We’re inching our way into spring around here. It’s about time. I always enjoyed our notoriously soggy autumns. They’re not too cold and the rain’s more mist and drizzle than the heavy duty stuff one sees back East. And the South? When you start measuring rain in inches-per-hour, that’s just showing off. To be honest, however, my favorite climate is tropical, or close to it. Heat and humidity never troubled me the way cold does and it seems the older I get the more the lower temperatures get to me. I suspect some snowbird flights in my future. Right now, however, you’d have trouble finding anywhere as beautiful as the Pacific Northwest. From where I sit I’m looking out at Mt. Rainier (it’s almost unearthly it’s so spectacular), a glistening Puget Sound, and the distant slope of a suburban valley that’s straining to pull itself free of winter. This time of year is when our area mimics the tropics. When people build homes here, forests disappear. That’s the bad news. The good news is, people plant trees. My apple trees are just showing pink. The cherry blossom popcorn clusters are full, just starting to shed petals. The plum tree’s a snowbank of flowers. The lilac (one of my mom’s favorites; the other was lily of the valley) is a combination of hard purple and pastel violet as the first blossoms break free of the buds. The whole valley’s a dazzle of greens and whites and pinks and reds. Then you’ve got azaleas and rhodies in uncountable colors. Saigon and Manila and Bangkok feature neighborhoods that constantly blaze with the same sort of display, but, if anything, our somber, sullen fall and winter make our spring all the more glorious.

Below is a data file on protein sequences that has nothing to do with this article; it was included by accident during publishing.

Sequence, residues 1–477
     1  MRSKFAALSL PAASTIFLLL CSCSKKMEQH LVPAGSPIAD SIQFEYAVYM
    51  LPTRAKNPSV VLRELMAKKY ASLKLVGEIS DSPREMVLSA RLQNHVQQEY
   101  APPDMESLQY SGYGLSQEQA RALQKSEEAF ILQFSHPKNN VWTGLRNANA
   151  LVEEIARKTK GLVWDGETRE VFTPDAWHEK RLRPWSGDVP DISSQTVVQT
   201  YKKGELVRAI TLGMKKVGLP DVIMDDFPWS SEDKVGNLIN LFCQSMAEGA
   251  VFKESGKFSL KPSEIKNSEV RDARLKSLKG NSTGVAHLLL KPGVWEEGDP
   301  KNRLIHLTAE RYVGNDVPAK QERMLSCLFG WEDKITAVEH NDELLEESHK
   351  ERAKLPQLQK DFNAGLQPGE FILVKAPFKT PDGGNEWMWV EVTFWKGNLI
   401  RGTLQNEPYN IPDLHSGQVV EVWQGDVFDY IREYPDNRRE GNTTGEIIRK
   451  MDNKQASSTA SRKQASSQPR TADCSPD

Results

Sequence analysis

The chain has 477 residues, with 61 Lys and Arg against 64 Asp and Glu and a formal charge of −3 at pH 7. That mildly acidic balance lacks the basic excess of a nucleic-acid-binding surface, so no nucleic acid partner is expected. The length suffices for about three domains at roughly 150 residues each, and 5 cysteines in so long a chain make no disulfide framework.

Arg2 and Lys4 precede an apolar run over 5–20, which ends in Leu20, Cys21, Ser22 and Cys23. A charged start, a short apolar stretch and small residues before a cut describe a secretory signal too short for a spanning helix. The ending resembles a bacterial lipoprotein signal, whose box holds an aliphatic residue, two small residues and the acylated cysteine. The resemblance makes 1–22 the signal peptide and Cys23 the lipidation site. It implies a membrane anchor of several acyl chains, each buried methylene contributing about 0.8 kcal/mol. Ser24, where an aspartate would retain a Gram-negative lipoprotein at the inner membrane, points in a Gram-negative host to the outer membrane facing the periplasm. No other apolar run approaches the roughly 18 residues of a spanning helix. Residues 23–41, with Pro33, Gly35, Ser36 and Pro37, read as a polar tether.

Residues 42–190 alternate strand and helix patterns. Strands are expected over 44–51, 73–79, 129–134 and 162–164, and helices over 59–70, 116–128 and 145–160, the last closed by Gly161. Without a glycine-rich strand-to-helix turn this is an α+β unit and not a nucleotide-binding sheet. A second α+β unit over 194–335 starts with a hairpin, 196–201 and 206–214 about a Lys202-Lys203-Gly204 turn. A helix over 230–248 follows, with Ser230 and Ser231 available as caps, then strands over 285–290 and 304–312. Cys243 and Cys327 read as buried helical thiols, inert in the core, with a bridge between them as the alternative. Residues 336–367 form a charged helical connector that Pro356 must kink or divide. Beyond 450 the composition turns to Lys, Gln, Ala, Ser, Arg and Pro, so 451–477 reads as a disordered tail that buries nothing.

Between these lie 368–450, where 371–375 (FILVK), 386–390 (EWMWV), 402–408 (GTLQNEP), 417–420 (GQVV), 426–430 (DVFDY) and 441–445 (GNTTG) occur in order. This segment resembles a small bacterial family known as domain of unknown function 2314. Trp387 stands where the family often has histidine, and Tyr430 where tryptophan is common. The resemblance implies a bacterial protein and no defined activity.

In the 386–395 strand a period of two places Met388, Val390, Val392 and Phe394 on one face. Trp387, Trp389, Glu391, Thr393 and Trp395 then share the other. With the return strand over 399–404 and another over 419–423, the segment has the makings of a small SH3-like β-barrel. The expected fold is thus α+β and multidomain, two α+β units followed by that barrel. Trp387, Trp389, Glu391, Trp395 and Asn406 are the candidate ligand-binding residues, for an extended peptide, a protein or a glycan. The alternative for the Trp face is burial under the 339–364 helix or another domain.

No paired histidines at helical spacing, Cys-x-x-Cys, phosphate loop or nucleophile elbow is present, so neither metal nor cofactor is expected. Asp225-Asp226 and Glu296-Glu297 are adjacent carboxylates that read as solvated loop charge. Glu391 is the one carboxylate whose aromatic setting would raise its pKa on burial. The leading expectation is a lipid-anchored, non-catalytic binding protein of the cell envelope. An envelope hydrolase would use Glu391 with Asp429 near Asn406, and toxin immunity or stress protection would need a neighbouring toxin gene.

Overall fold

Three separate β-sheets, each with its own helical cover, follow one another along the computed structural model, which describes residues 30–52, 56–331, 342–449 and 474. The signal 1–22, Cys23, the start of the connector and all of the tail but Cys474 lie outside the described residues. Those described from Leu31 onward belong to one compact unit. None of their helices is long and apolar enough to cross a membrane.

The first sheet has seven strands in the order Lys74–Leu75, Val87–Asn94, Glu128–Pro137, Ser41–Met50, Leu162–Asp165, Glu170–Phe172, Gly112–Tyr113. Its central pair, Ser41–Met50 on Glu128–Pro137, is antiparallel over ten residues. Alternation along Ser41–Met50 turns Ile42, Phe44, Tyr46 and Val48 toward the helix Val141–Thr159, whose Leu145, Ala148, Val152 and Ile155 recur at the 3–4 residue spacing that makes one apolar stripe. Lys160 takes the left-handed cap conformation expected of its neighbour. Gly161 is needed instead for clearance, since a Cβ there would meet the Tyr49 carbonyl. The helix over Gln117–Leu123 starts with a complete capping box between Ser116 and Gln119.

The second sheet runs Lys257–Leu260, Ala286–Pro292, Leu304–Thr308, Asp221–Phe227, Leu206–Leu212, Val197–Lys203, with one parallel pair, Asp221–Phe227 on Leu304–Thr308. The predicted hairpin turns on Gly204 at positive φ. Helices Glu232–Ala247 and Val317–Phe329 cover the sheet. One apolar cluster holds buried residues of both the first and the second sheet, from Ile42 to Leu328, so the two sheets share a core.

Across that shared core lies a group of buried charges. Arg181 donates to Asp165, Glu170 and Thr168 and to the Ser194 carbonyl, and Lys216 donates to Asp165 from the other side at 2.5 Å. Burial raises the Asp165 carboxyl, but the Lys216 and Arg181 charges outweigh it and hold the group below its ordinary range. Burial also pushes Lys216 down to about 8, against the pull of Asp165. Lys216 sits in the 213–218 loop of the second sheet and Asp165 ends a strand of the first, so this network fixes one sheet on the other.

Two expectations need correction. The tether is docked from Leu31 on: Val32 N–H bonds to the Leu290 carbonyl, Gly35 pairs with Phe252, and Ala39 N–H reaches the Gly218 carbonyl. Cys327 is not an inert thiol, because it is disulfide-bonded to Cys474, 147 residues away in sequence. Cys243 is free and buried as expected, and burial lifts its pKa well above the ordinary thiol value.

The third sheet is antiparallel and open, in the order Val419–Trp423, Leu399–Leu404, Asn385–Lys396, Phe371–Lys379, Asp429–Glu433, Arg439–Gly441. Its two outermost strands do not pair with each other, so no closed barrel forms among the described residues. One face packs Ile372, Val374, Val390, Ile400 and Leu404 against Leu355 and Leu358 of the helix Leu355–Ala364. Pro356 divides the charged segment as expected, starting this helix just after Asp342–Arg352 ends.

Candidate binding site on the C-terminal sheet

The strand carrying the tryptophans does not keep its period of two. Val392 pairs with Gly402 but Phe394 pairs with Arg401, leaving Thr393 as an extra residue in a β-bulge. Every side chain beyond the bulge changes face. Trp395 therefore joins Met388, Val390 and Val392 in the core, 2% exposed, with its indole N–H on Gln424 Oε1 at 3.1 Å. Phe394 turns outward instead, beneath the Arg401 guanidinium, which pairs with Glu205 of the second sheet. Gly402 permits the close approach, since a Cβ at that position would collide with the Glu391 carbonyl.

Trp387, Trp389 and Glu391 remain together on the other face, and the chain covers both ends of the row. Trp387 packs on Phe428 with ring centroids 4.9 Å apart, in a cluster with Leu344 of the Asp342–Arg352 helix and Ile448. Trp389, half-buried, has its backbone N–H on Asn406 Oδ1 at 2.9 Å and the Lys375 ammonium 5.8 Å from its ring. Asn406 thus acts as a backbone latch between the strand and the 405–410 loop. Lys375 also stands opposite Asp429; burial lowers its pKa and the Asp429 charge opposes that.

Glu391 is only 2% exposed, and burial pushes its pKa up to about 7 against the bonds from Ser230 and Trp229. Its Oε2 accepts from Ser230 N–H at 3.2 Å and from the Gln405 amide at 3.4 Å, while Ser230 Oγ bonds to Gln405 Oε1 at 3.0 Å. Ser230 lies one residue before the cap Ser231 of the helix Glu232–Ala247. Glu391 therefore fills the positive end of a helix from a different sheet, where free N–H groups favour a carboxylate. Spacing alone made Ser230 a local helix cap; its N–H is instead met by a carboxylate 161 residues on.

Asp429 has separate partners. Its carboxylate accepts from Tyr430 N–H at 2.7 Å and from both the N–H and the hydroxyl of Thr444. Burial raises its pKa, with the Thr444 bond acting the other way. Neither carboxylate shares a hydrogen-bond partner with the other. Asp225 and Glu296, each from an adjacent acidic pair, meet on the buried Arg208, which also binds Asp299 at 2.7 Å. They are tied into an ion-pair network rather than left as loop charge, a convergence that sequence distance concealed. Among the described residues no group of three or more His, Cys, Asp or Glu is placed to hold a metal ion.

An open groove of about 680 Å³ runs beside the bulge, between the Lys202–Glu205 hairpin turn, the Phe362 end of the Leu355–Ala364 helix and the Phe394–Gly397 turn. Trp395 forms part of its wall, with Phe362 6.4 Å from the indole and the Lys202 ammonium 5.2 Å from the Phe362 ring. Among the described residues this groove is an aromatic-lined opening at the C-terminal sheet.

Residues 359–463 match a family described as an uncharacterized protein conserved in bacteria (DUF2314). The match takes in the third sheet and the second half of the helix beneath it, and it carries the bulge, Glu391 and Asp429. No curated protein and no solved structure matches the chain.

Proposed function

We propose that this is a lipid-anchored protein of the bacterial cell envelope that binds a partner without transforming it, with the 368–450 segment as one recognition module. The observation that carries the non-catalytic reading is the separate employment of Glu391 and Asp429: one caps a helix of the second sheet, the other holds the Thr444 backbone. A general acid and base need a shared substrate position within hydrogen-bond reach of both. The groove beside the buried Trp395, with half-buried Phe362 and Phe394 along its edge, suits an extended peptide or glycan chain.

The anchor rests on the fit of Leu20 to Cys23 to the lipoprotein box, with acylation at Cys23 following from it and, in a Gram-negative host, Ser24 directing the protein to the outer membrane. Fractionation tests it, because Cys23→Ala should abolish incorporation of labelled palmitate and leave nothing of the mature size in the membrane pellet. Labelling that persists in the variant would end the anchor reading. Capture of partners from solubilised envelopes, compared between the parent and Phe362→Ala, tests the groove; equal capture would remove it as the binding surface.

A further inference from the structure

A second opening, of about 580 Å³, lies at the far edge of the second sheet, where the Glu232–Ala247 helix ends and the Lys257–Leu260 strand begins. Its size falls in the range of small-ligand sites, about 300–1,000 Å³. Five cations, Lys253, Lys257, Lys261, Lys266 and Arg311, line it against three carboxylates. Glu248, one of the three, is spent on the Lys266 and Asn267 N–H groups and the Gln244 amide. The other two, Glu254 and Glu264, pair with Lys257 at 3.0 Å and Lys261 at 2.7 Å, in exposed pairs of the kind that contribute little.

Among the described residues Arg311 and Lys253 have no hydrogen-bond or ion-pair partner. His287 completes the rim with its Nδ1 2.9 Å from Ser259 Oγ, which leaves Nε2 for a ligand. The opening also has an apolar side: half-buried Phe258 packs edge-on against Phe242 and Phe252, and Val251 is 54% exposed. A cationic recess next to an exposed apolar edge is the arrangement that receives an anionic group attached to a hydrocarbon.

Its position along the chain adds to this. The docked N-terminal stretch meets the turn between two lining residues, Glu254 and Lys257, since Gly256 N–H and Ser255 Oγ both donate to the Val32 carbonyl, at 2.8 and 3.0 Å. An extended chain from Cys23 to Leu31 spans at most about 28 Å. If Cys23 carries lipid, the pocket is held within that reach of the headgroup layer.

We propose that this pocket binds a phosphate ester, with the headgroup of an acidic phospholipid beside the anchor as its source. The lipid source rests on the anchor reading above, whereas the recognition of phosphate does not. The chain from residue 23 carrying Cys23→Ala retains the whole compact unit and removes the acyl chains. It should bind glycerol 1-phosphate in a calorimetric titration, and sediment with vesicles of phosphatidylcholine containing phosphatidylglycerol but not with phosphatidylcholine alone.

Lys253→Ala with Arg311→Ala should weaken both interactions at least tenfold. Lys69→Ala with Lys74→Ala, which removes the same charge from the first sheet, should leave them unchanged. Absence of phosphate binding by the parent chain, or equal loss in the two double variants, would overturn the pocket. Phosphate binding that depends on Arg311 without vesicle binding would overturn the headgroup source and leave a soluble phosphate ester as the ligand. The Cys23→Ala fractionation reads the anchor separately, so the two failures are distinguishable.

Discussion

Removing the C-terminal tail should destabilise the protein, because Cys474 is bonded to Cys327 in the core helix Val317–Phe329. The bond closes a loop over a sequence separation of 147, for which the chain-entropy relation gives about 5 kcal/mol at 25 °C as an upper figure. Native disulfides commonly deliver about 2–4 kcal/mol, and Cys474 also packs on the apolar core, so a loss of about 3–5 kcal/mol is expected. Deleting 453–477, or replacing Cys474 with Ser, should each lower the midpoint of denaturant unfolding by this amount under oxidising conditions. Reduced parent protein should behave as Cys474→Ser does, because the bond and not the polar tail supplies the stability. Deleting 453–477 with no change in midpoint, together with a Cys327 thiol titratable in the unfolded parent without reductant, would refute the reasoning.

There’s a line that goes “I may not be perfect, but parts of me ain’t bad at all.” Good enough.